Join the San Francisco disco legend for a trip through 20th-century American counterculture, from the hippie era to the birth of house.
Steve Fabus is perhaps best known as one of the founding fathers of San Francisco’s gay disco scene, but his DJ career spans just about every major countercultural moment in the past half century, from the civil rights movement in his native Chicago and the hippie communes of Northern California to the rise of house music at the Paradise Garage. Since he began his career soundtracking psychedelic gatherings in the Midwest, Fabus has always seen his role as taking party-goers on a trip — on this special episode of Honey Soundsystem, he takes us on a journey through American history as he lived it.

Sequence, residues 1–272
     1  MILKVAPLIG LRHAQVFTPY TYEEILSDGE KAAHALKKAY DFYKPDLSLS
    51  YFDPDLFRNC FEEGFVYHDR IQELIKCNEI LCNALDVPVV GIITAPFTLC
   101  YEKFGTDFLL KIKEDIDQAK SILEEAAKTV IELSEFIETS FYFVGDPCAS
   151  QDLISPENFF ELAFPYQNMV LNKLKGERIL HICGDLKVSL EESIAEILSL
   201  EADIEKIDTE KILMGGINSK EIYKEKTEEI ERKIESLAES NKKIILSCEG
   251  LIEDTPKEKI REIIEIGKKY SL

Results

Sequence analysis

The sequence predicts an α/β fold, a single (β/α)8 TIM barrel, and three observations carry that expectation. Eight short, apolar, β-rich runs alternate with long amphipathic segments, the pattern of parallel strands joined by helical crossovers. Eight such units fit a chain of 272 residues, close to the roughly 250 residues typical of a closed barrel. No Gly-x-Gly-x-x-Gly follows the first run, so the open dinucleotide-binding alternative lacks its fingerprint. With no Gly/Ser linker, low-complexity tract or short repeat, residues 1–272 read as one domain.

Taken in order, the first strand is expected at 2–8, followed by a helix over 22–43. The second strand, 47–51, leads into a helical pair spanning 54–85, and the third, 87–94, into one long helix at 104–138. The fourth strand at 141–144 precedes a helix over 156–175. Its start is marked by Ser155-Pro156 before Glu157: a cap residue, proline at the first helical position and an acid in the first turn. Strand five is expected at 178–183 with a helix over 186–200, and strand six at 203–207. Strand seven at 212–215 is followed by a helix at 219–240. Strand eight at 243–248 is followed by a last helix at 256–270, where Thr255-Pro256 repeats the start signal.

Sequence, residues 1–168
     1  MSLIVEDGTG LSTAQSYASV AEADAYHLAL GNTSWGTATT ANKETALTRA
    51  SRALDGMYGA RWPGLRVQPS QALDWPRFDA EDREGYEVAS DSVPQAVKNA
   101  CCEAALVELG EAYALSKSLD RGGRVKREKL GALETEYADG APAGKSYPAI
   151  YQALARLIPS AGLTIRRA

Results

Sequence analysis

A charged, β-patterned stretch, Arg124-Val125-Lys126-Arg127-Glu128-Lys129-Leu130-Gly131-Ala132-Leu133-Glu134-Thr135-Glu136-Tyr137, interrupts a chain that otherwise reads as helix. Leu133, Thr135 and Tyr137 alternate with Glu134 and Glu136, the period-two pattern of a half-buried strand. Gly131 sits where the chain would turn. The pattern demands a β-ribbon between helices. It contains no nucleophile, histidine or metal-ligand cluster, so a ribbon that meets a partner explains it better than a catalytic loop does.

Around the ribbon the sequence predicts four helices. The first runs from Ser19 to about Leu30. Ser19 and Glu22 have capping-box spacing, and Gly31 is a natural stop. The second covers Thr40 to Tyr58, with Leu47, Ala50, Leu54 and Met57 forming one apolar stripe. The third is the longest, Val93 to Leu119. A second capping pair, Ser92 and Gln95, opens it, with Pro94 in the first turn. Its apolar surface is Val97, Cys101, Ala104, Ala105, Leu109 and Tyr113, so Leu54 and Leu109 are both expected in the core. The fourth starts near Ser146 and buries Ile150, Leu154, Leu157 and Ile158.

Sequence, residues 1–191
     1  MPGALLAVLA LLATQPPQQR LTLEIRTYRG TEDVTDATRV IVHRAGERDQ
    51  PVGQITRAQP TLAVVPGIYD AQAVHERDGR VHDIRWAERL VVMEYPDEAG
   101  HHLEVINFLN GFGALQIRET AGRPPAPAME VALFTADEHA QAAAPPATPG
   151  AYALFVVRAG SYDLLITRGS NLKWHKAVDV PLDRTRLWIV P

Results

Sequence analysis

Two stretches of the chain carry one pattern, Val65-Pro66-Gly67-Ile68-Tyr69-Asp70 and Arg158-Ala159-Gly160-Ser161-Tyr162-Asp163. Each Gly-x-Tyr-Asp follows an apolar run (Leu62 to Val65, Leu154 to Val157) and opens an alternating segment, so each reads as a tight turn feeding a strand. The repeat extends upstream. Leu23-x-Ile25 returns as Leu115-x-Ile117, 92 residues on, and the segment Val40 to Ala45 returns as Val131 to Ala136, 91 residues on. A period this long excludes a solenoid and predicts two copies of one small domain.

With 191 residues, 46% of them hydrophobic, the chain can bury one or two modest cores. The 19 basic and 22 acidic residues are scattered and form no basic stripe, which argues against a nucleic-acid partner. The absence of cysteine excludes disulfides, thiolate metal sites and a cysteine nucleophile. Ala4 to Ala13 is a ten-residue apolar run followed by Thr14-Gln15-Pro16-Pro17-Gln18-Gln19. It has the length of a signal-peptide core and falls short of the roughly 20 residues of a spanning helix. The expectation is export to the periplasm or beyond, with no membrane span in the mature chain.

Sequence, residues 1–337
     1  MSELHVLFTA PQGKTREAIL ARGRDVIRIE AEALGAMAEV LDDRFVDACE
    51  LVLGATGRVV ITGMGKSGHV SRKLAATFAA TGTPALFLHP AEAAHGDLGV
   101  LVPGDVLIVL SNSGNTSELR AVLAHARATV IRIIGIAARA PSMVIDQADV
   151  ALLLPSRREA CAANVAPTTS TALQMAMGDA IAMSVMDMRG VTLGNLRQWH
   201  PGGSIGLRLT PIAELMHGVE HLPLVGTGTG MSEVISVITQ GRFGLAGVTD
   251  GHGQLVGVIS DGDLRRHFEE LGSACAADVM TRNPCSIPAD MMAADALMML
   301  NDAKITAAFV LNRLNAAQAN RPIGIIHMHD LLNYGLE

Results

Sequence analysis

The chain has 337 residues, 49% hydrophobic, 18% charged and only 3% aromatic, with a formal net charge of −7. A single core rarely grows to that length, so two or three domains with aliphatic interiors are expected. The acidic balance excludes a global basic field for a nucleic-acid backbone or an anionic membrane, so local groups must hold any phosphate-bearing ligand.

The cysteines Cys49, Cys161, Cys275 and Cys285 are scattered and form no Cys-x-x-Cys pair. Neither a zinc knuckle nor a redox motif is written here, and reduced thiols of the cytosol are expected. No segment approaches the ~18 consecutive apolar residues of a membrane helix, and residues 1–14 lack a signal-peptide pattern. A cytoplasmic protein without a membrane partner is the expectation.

In a long-format interview with longtime friend and mentee Jackie House, Fabus discusses his legendary residencies at San Francisco institutions like I-Beam and the EndUp, playing bathhouses south of Market Street and using music to foster community during the AIDS crisis. He also shares some of the music that’s given him that magic feeling over the past half-century, including the sort of disco fare you might hear him play at his monthly Go-Bang! party, and kaleidoscopic cuts from Jimi Hendrix, Giorgio Moroder and Frankie Knuckles (who makes a moving cameo in the narrative in the second hour).